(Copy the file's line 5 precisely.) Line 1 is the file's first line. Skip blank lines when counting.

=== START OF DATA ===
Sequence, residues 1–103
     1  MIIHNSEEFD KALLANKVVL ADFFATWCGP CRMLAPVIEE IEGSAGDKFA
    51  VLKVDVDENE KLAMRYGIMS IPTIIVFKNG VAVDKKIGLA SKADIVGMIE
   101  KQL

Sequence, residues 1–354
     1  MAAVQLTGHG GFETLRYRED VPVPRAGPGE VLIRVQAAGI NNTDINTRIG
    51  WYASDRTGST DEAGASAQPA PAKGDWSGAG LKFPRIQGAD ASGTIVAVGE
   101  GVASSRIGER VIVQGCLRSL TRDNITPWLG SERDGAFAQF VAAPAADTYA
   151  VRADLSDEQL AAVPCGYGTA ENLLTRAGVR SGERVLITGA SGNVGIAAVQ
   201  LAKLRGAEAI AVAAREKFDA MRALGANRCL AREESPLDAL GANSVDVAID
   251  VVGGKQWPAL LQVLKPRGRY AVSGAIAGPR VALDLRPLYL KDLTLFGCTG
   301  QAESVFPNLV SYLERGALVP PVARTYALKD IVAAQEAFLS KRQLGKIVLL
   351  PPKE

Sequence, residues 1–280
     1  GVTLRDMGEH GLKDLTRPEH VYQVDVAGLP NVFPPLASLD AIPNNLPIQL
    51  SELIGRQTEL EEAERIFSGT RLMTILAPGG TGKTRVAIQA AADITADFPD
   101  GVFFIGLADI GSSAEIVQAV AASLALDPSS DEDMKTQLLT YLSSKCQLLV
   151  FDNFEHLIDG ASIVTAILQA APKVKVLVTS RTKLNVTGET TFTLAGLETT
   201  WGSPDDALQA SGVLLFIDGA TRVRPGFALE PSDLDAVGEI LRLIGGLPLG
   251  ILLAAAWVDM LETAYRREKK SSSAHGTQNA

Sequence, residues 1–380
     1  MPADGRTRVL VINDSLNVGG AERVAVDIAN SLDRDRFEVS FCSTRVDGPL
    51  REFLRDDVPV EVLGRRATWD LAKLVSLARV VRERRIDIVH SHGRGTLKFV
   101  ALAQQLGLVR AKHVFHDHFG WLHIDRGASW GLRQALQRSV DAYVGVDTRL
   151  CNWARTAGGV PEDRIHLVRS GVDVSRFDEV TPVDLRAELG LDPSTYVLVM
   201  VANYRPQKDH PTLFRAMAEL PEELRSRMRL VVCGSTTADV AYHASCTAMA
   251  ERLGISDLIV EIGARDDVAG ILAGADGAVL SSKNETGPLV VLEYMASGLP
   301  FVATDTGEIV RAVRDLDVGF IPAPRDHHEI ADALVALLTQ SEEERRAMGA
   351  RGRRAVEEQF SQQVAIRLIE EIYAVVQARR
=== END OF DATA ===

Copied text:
Sequence, residues 1–354